The Magic Café
Username:
Password:
[ Lost Password ]
  [ Forgot Username ]
The Magic Cafe Forum Index » » New to magic? » » Recommended books for beginners (67 Likes) Printer Friendly Version

 Go to page [Previous]  1~2~3..7..11..15..19..20~21~22~23~24~25~26~27 [Next]
priyanshu
View Profile
New user
4 Posts

Profile of priyanshu
I am a beginner interested in card magic.
Is it good to start with Paul Harris' "The art of astonishment"?

Thanks
Paragon
View Profile
New user
67 Posts

Profile of Paragon
Hi there priyanshu,

no it is not good to start with The art of astonishment, but great to continue with ( when you are advanced ).
Caz
View Profile
New user
3 Posts

Profile of Caz
I've been reading Banacheck's book about mentalism
and of course I've been recommended Corinda's 13 steps.
Any other suggestions around mentalism for a newbie?
portpopo
View Profile
New user
8 Posts

Profile of portpopo
Caz- I would suggest TA Waters Mind, Myth, and Magick. Great stuff, lots of different material.
Luis Sirgado
View Profile
New user
Portugal
90 Posts

Profile of Luis Sirgado
I would not recommend one, but three that belong to a series. Tarbell course in magic volume four, five and six. Here one can find plenty of mentalism effects.
"One of the greatest accomplishments of magicians in the last century is the ability to take something inherently profound and render it trivial."

-Max Maven-
secti
View Profile
New user
Houston
1 Post

Profile of secti
Great suggestions, everyone!

I would re-submit Mark Wilson's complete course in magic; was my first book (got a hardcover copy) & I wore it out.
Natives who beat drums to drive off evil spirits are objects of scorn to smart Americans who blow horns to break up traffic jams. ~ M.E. Kelly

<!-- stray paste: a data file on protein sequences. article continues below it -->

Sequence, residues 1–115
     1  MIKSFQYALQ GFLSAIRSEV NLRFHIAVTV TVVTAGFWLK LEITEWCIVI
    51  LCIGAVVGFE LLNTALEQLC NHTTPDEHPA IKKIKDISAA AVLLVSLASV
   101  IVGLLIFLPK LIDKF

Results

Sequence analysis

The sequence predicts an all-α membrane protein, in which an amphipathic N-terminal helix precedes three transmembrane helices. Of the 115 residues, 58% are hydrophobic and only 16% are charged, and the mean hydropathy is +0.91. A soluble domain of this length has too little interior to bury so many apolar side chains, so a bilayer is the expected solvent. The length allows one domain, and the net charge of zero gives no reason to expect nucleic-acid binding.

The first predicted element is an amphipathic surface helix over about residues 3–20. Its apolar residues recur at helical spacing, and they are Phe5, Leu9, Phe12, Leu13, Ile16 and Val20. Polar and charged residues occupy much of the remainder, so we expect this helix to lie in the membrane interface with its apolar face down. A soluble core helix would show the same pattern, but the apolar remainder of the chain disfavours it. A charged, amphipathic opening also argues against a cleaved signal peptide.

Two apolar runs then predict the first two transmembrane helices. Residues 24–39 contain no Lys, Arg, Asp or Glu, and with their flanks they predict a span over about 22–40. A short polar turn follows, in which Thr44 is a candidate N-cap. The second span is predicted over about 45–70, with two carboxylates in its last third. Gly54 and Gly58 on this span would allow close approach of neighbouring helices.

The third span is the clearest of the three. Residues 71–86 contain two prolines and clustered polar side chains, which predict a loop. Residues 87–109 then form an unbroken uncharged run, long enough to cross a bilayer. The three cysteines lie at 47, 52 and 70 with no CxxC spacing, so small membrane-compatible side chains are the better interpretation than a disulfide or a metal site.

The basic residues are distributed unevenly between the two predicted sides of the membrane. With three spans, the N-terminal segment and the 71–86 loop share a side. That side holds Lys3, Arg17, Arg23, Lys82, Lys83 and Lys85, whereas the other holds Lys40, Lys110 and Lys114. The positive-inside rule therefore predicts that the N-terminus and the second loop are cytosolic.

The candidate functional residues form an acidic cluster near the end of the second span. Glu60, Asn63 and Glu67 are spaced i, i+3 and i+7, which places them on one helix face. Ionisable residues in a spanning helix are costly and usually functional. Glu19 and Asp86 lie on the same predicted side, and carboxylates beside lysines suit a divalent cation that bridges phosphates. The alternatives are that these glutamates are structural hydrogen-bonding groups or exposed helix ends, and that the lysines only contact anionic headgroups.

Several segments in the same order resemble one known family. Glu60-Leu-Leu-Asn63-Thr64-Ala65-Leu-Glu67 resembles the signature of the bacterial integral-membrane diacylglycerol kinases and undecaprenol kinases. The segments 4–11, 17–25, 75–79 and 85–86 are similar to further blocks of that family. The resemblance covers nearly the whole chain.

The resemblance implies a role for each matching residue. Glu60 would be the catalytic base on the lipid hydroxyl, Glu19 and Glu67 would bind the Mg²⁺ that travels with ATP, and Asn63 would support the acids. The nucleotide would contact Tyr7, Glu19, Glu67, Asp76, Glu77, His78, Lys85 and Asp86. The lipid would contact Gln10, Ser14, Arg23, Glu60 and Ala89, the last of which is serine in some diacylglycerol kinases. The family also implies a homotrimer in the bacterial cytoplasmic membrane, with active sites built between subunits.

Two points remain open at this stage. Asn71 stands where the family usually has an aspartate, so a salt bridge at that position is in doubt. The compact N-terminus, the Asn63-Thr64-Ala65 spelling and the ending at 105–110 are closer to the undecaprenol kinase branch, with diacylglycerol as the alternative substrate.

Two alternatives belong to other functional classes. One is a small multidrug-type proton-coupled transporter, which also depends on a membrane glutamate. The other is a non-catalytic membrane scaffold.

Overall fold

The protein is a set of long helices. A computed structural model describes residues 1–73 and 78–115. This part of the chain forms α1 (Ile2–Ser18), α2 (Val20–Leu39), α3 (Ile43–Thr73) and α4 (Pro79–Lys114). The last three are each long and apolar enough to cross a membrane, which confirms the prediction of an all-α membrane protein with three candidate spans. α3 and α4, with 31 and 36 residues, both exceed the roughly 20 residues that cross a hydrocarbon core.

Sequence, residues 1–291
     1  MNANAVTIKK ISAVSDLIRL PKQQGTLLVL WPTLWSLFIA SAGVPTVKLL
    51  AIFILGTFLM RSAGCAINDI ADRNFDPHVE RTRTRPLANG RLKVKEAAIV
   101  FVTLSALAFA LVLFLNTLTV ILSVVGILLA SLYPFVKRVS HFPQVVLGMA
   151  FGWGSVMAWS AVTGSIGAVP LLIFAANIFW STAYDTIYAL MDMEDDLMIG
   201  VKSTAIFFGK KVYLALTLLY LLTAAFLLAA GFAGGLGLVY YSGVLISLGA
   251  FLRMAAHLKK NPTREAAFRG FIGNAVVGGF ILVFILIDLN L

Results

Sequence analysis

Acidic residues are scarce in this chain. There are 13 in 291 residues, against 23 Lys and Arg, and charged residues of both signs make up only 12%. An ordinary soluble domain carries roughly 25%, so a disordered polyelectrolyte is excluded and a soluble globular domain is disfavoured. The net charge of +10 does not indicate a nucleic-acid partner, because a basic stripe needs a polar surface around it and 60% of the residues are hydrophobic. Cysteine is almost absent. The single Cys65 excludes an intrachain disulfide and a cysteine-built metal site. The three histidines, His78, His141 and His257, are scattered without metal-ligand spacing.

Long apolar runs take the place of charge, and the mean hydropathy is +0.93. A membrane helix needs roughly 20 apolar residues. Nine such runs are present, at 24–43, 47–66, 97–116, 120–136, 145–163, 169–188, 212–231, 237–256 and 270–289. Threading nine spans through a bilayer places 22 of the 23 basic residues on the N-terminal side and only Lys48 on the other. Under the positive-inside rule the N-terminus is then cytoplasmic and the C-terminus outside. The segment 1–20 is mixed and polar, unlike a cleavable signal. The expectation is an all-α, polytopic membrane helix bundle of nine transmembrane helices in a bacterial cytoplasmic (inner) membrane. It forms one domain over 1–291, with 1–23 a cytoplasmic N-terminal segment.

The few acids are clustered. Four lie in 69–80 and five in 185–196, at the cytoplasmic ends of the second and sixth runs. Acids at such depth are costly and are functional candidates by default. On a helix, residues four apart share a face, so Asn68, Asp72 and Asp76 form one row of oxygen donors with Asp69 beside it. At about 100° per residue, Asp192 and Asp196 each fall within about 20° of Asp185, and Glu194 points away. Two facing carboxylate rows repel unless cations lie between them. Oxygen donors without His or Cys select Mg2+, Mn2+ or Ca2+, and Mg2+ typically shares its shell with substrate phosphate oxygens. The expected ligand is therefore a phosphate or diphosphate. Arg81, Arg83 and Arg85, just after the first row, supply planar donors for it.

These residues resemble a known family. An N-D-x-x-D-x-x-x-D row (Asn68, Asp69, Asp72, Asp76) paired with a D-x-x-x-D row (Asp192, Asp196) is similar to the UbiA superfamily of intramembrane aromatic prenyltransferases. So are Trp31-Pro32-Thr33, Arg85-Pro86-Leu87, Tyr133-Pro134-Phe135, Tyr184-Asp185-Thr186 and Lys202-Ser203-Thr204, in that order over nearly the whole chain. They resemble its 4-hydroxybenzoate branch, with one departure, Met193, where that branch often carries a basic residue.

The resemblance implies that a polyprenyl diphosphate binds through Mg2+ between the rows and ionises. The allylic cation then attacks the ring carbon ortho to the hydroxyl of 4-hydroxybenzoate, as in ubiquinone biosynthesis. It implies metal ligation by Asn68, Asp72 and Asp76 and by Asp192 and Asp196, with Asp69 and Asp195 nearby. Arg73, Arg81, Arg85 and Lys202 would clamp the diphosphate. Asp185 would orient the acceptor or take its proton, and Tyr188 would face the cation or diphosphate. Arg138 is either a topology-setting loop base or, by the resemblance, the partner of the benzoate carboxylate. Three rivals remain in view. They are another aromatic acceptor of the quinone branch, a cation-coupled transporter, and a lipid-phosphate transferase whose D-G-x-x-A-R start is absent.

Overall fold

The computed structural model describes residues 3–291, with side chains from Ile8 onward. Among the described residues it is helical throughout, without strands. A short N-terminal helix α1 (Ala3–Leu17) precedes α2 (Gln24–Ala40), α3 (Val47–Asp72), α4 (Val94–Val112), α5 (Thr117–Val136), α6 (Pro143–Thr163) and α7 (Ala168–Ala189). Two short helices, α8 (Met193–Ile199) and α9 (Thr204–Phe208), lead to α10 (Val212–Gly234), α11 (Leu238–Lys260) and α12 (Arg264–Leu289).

FlightRisk
View Profile
Loyal user
North Carolina
274 Posts

Profile of FlightRisk
I echo Wilson and Hay's books, and see finally in page 14 of the thread mention of "Magic, The Complete Course" by Joshua Jay. Great book, and it comes with a DVD! What is special about this book is it updates magic to the 21st century. He goes into detail about psychology such as what he calls "direction" instead of misdirection, and explains that top hats and sponge balls were cool when they were in fashion, but Magic should be updated to be more relevant today. Most of the tricks can be done with everyday objects. This is a beginners book that teaches professional quality technique and effects.
Tenacitiz
View Profile
New user
A pathetic total of
71 Posts

Profile of Tenacitiz
It's nice to know I'm not the only one obsessed with expanding my magic library. Tarbell, Mark Wilson, modern coin magic, card college. All fantastic places to start in fact I'd have a hard time deciding what to grab if the house was burning down!
FlightRisk
View Profile
Loyal user
North Carolina
274 Posts